“DANGER”: Comments about Black Men, White Women, and Science in “The Amazing Spider-Man 2” (2014)

So true!

Without Ritual, Autonomous Negotiations

The Amazing Spider-Man 2, while entertaining on the surface, is problematic. Naturally, it fails the Bechdel Test (to pass, a movie ONLY needs to have at least two women with names, who talk to each other, about something other than a man). Like the recent Superman movie and others, it hits too close to home with its New York/Time Square setting, buildings collapsing, and plane crashes or near crashes. Additionally, cars being flipped over, secret trains, and other special effects are used that have become very clichéd. 

Very problematic is the film’s use of a character who is racialized as Black and genderized as Male: Max Dillon. (There are at least a few other Black characters–police officers–but these characters have no name and no significant role.) Max is very bright. He invents the power grid that runs the city but doesn’t receive any credit for it and is ridiculed…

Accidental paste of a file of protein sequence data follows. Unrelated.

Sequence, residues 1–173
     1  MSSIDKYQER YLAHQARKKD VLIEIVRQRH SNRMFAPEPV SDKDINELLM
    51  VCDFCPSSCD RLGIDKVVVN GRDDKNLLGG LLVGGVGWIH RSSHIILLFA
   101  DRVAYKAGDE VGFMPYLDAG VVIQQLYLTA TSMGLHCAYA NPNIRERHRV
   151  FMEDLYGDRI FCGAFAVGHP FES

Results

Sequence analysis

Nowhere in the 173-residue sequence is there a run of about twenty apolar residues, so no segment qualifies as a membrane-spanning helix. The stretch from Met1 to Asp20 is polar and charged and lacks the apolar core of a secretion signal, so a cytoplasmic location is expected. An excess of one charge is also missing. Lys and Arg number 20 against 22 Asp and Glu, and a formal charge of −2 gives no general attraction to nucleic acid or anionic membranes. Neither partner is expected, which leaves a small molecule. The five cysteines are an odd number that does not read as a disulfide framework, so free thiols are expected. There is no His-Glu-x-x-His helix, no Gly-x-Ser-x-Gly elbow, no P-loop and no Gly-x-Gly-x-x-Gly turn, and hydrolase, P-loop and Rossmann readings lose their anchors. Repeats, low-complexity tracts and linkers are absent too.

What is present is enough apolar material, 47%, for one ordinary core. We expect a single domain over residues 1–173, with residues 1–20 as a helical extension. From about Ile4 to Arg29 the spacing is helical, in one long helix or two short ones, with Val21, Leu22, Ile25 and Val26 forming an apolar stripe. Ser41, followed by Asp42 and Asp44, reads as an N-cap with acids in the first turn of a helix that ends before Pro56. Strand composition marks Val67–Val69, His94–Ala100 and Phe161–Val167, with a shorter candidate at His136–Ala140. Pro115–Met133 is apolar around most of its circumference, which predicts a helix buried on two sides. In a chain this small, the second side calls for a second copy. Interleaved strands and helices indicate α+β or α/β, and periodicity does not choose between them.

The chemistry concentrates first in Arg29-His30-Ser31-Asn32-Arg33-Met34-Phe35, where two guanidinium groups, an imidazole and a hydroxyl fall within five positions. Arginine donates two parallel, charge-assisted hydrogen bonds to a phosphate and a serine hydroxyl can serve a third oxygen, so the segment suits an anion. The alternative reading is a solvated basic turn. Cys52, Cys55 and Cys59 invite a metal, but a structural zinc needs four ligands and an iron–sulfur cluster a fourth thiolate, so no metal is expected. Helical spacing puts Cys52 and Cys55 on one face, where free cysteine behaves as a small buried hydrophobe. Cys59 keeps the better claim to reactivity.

View original post 841 more words

Advertisements

One thought on “ “DANGER”: Comments about Black Men, White Women, and Science in “The Amazing Spider-Man 2” (2014)

Leave a Reply

Fill in your details below or click an icon to log in:

WordPress.com Logo

You are commenting using your WordPress.com account. Log Out / Change )

Twitter picture

You are commenting using your Twitter account. Log Out / Change )

Facebook photo

You are commenting using your Facebook account. Log Out / Change )

Google+ photo

You are commenting using your Google+ account. Log Out / Change )

Connecting to %s